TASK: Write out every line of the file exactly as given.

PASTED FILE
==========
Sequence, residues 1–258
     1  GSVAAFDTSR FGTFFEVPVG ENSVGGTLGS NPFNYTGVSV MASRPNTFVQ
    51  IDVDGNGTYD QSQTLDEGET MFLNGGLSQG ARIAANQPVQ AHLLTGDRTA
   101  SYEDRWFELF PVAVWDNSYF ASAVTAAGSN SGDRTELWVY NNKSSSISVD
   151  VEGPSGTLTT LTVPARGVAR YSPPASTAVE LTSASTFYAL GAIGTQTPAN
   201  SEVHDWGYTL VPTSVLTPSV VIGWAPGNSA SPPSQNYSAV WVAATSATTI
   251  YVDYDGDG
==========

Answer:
Sequence, residues 1–258
     1  GSVAAFDTSR FGTFFEVPVG ENSVGGTLGS NPFNYTGVSV MASRPNTFVQ
    51  IDVDGNGTYD QSQTLDEGET MFLNGGLSQG ARIAANQPVQ AHLLTGDRTA
   101  SYEDRWFELF PVAVWDNSYF ASAVTAAGSN SGDRTELWVY NNKSSSISVD
   151  VEGPSGTLTT LTVPARGVAR YSPPASTAVE LTSASTFYAL GAIGTQTPAN
   201  SEVHDWGYTL VPTSVLTPSV VIGWAPGNSA SPPSQNYSAV WVAATSATTI
   251  YVDYDGDG